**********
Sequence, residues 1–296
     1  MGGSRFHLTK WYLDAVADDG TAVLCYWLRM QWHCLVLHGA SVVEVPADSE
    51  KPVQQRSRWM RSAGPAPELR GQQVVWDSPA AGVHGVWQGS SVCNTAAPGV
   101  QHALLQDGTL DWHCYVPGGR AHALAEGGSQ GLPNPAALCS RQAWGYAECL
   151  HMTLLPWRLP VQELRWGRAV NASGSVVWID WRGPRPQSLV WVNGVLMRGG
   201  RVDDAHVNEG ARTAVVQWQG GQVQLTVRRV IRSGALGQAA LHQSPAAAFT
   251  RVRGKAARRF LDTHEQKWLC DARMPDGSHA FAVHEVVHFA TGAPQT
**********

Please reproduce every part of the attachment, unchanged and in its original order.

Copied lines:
Sequence, residues 1–296
     1  MGGSRFHLTK WYLDAVADDG TAVLCYWLRM QWHCLVLHGA SVVEVPADSE
    51  KPVQQRSRWM RSAGPAPELR GQQVVWDSPA AGVHGVWQGS SVCNTAAPGV
   101  QHALLQDGTL DWHCYVPGGR AHALAEGGSQ GLPNPAALCS RQAWGYAECL
   151  HMTLLPWRLP VQELRWGRAV NASGSVVWID WRGPRPQSLV WVNGVLMRGG
   201  RVDDAHVNEG ARTAVVQWQG GQVQLTVRRV IRSGALGQAA LHQSPAAAFT
   251  RVRGKAARRF LDTHEQKWLC DARMPDGSHA FAVHEVVHFA TGAPQT